CAMH Presents the Women Artists Behind the Curtain

The Contemporary Art Museum of Houston hosts The Desconstructive Impsulse: Women Artists Reconfigure the Signs of Power, 1973-1991—not quite as ambitious as MOCA’s WACK! feminist art survey (2007), which had people desperately searching for wall tags in an exhibition so large that it made Dolly Parton’s breasts seem small, yet certainly home to some of our favorite feminist artists: Cindy Sherman, the Guerrilla Girls, and Sherrie Levine—in an exhibition that is, “a survey of leading women artists that examines the crucial feminist contribution to the development of deconstructivism in the 1970s and ’80s.”

CAMH goes on to say that an integral part of this exhibition involves, “examining source material, generally borrowed from the mass media, to expose the ways commercial images reveal the mechanisms of power.” Simply put:  media’s viewpoint is usually male dominated, insofar as the CEOs of media corporations were and are usually…men, and these women artists reexamine the agent doing the viewing and the media generated from such an agent. The bottom line is:  a woman deserves a seat behind the proverbial curtain.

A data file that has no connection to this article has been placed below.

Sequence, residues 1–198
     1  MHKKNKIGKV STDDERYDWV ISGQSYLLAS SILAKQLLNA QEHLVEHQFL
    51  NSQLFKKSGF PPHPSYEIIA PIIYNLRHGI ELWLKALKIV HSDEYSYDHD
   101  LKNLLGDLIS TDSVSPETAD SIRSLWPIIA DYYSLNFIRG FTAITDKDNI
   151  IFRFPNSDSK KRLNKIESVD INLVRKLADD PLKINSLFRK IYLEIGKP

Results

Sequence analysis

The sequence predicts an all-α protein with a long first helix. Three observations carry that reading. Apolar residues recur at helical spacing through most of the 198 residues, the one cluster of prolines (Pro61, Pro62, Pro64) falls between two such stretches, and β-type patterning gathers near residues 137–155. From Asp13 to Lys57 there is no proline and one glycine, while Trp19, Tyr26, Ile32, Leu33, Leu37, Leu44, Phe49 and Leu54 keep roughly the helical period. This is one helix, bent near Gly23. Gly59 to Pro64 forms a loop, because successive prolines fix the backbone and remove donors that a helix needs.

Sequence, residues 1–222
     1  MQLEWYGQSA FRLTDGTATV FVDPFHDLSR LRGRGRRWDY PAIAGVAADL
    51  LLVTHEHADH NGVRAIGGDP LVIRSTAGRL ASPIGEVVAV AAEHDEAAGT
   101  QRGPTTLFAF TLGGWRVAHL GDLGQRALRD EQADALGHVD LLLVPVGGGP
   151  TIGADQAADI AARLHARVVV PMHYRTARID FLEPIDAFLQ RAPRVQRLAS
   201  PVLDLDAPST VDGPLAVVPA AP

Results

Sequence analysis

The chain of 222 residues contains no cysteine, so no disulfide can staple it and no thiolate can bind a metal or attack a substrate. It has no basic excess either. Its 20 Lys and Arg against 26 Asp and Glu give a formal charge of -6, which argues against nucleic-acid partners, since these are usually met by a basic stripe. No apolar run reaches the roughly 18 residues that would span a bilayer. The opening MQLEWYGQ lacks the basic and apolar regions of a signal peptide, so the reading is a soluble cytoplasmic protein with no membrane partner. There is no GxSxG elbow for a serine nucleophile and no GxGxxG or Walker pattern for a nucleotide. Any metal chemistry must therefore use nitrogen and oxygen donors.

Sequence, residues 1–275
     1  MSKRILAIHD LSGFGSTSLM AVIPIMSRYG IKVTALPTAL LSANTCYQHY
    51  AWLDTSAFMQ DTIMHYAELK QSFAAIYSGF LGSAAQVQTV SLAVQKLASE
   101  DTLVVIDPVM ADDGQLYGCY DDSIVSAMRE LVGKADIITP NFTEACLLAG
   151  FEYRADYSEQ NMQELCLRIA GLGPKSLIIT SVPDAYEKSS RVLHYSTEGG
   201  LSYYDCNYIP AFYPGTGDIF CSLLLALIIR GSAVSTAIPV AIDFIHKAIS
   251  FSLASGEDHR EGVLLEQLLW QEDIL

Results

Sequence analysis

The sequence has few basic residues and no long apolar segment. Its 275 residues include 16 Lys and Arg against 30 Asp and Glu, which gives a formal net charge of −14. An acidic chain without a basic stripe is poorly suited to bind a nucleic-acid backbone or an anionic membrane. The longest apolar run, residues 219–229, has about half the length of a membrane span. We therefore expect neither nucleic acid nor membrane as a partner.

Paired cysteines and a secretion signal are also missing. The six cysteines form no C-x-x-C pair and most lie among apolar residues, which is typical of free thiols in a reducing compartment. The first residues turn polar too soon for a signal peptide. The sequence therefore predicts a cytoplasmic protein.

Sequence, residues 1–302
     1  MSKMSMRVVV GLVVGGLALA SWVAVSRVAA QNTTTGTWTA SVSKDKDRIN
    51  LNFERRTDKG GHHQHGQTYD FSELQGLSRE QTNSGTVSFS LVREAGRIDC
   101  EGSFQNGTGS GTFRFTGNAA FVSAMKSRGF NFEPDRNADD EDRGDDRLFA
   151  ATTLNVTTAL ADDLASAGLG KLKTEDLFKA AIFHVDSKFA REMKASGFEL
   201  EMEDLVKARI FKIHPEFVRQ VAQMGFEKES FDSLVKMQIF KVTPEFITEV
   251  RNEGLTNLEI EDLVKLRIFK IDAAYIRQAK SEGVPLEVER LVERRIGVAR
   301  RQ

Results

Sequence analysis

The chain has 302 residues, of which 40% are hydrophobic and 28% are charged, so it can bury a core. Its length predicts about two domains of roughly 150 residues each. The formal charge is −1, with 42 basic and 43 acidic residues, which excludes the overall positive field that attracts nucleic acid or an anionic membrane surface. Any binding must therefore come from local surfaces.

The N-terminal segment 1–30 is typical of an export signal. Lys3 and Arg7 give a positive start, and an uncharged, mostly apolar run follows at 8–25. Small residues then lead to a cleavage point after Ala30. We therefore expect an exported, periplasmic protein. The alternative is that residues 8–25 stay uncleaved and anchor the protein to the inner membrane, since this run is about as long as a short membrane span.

Sherman and friends have deftly excavated gender roles in society since the early 70s, and the history of art is better for their contributions—in short, The Deconstructive Impulse is worth seeing.

Exhibiting artists include: Judith Barry, Dara Birnbaum, Barbara Bloom, Sarah Charlesworth, the Guerrilla Girls, Lynn Hershman Leeson, Susan Hiller, Jenny Holzer, Deborah Kass, Mary Kelly, Silvia Kolbowski, Barbara Kruger, Louise Lawler, Sherrie Levine, Adrian Piper, Martha Rosler, Cindy Sherman, Laurie Simmons, Lorna Simpson, Sturtevant, Carrie Mae Weems, and Hannah Wilke.

Feature Image:  Sarah Charlesworth, Figures from “Objects of Desire I,” 1983-84. Cibachrome with lacquered wood frame, 42 x 62 in. Courtesy of the artists and Susan Inglett Gallery, NYC.

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